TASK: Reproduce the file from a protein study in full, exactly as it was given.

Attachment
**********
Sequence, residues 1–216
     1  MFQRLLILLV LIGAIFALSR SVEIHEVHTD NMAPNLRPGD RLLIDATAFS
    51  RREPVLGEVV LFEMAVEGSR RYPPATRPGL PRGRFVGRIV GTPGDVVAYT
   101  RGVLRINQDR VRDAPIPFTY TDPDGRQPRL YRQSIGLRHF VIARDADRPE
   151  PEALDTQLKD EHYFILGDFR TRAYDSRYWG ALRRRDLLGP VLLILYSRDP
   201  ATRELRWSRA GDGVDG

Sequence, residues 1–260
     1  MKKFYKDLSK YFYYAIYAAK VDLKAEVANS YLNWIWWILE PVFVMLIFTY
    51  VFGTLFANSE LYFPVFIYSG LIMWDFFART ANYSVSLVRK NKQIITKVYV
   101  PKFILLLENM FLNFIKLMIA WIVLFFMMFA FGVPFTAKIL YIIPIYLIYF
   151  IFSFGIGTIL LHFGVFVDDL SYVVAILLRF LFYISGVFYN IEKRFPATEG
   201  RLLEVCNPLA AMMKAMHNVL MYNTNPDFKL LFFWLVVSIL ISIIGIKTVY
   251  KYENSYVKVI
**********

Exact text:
Sequence, residues 1–216
     1  MFQRLLILLV LIGAIFALSR SVEIHEVHTD NMAPNLRPGD RLLIDATAFS
    51  RREPVLGEVV LFEMAVEGSR RYPPATRPGL PRGRFVGRIV GTPGDVVAYT
   101  RGVLRINQDR VRDAPIPFTY TDPDGRQPRL YRQSIGLRHF VIARDADRPE
   151  PEALDTQLKD EHYFILGDFR TRAYDSRYWG ALRRRDLLGP VLLILYSRDP
   201  ATRELRWSRA GDGVDG

Sequence, residues 1–260
     1  MKKFYKDLSK YFYYAIYAAK VDLKAEVANS YLNWIWWILE PVFVMLIFTY
    51  VFGTLFANSE LYFPVFIYSG LIMWDFFART ANYSVSLVRK NKQIITKVYV
   101  PKFILLLENM FLNFIKLMIA WIVLFFMMFA FGVPFTAKIL YIIPIYLIYF
   151  IFSFGIGTIL LHFGVFVDDL SYVVAILLRF LFYISGVFYN IEKRFPATEG
   201  RLLEVCNPLA AMMKAMHNVL MYNTNPDFKL LFFWLVVSIL ISIIGIKTVY
   251  KYENSYVKVI